New rules for cover crops and crop insurance
The value of cover crops has been recognized by USDA Risk Management Agency (RMA). Farmers planting cover crops will have more flexible insurance coverage with the new rules for cover crops and crop insurance for 2012.
Last year, heavy and consistent rains resulted in farmers delaying their planting in many parts of Michigan. Farmers that were growing cover crops were not allowed crop insurance if the cover crop wasn’t killed before May 15. Farmers from across the Midwest were faced with losing their crop insurance. The Midwest Cover Crops Council, The National Wildlife Federation, crop consultants and farmers arranged a meeting with the USDA Risk Management Agency in Springfield, Illinois, to change this policy. The exciting news is that they listened and have changed their policy for 2012.
The following Insurability of Crops Following Cover Crops news release highlights the new rules for cover crops and crop insurance for 2012.
Insurability of Crops Following Cover Crops in Illinois, Indiana, Michigan and Ohio
SPRINGFIELD, Ill., December 1, 2011 – An announcement made by the Risk Management Agency (RMA) today outlines changes that will provide producers more flexibility when insuring a crop that follows a cover crop in the states of Illinois, Indiana, Michigan, and Ohio.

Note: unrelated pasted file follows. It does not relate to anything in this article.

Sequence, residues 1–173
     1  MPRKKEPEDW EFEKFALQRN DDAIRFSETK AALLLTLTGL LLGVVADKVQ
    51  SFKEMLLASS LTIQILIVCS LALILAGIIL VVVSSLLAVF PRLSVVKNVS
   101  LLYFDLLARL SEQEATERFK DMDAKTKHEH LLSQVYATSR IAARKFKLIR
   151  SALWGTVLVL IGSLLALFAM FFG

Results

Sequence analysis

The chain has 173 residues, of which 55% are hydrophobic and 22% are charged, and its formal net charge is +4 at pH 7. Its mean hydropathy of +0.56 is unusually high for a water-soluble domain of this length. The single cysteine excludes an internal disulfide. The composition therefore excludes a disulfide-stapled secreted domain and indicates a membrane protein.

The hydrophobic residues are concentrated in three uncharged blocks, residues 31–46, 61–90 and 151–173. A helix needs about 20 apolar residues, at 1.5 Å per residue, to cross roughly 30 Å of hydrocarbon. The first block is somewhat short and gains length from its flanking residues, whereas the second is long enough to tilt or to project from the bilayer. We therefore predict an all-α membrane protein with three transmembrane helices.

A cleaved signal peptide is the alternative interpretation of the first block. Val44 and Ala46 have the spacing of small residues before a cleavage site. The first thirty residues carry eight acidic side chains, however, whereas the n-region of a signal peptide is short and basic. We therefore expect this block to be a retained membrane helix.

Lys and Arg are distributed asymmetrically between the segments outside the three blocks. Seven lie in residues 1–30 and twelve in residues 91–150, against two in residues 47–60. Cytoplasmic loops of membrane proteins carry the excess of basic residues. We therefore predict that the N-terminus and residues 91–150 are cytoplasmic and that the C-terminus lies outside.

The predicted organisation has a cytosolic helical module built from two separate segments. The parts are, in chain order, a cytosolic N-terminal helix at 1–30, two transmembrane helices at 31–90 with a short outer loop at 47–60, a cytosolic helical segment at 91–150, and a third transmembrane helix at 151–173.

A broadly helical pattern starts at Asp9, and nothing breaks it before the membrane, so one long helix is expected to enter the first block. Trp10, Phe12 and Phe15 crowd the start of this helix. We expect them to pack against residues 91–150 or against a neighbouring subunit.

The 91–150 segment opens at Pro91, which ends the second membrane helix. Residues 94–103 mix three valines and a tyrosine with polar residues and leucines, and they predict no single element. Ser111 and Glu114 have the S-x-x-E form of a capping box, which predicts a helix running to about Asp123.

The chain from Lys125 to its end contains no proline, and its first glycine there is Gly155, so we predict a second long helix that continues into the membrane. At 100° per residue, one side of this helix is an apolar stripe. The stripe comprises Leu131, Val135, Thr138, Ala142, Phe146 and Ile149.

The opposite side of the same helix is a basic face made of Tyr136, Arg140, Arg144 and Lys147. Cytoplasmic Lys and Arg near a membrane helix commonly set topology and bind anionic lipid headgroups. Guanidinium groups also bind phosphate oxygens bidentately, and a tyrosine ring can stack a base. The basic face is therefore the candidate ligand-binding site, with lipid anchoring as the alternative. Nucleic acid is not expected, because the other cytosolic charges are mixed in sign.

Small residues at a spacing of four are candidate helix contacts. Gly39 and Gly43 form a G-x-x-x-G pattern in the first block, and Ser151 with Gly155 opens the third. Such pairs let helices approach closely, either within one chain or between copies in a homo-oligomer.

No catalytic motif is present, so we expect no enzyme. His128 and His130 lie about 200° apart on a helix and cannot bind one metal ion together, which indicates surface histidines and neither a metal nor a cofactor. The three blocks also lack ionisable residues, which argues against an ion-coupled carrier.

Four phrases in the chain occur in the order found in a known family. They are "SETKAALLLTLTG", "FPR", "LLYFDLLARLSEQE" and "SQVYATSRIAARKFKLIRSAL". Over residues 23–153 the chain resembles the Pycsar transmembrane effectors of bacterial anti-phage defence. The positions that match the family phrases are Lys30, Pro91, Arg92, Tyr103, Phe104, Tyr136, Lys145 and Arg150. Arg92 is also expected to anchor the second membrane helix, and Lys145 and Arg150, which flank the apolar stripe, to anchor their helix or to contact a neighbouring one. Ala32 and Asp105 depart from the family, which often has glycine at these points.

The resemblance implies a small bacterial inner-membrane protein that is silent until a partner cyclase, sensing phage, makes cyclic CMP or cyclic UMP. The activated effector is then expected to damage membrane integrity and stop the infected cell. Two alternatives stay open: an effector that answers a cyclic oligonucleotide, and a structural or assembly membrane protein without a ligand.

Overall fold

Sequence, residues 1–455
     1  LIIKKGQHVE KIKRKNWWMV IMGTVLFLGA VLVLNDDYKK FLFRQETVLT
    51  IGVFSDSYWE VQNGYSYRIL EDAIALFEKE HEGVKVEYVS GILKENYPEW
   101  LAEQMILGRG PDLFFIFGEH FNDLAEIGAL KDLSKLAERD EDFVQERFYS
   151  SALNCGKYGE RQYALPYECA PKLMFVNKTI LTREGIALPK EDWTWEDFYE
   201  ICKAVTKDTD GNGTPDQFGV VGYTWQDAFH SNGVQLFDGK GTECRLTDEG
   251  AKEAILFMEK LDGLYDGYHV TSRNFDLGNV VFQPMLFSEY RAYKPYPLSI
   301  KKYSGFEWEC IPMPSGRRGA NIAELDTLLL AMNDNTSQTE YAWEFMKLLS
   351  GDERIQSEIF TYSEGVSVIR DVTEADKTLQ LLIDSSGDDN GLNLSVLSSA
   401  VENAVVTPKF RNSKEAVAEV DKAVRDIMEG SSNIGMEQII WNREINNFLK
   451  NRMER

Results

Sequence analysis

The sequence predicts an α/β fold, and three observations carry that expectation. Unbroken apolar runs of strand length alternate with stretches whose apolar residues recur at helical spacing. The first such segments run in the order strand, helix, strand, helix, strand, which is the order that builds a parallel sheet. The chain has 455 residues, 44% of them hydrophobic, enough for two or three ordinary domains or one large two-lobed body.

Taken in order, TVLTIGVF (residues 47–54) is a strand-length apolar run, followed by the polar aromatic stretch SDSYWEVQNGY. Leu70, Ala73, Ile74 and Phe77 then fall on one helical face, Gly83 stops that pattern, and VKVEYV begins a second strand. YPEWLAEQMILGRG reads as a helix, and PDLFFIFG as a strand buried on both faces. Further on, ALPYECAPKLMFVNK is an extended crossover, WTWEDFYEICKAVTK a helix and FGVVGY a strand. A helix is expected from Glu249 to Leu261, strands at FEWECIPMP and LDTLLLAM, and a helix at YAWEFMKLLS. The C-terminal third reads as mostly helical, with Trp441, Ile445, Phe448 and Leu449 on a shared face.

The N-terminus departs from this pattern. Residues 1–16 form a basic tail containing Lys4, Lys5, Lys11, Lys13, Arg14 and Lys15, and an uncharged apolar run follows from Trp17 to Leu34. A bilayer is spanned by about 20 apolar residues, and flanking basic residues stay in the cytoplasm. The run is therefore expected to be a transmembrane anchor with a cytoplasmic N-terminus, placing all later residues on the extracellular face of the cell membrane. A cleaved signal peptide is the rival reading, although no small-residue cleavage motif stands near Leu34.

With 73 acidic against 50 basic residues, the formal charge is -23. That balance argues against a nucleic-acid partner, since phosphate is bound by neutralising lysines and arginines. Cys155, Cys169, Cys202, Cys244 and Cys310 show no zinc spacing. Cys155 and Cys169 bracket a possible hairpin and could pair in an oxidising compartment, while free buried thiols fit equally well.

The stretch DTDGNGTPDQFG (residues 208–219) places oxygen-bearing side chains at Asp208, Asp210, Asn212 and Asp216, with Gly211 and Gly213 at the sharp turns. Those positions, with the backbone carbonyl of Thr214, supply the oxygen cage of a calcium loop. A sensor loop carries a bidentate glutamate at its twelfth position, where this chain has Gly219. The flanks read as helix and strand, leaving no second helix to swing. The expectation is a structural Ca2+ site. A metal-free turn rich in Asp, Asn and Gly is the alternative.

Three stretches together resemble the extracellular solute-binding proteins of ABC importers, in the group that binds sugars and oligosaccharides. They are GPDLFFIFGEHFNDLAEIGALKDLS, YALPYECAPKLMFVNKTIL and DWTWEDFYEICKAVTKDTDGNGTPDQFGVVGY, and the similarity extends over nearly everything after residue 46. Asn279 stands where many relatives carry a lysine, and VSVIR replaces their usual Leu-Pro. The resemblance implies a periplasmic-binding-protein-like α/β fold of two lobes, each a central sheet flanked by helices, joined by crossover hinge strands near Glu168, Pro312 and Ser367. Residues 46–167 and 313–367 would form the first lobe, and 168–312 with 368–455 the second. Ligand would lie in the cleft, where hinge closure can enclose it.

Heavy spring rains last year delayed planting in parts of the Midwest raising concerns about the impact a cover crop may have on the insurability of a subsequent spring crop. Restrictions limited insurance coverage on crops that followed a cover crop that was harvested or reached the budded stage in the same crop year.
For 2012, crops planted following a cover crop are insurable as long as the cover crop is killed on or before June 5th. Whether the cover crop has headed, budded or has been harvested no longer effects insurability. These changes affect corn, popcorn, sweet corn, hybrid seed corn, pumpkins, soybeans, grain sorghum and processing beans. The cover crop practice is defined as a crop planted within twelve months of planting the insurable crop and is recognized as a sound agronomic conservation practice for the area.
Brian D. Frieden, Director of the Springfield Regional Office, RMA, said that this change recognizes the importance of crop insurance in protecting a producer’s livelihood and conservation in protecting the soil.
For more details on how cover crops may impact your crop insurance policy, contact a crop insurance agent. Winter is the perfect time to review your crop insurance needs for 2012. Information on cover crops can be found by going to the Information Browser link at the Risk Management Agency website at http://www.rma.usda.gov/ . Producers can get the specifics by entering the crop and county where the farm is located and looking at the Special Provisions.
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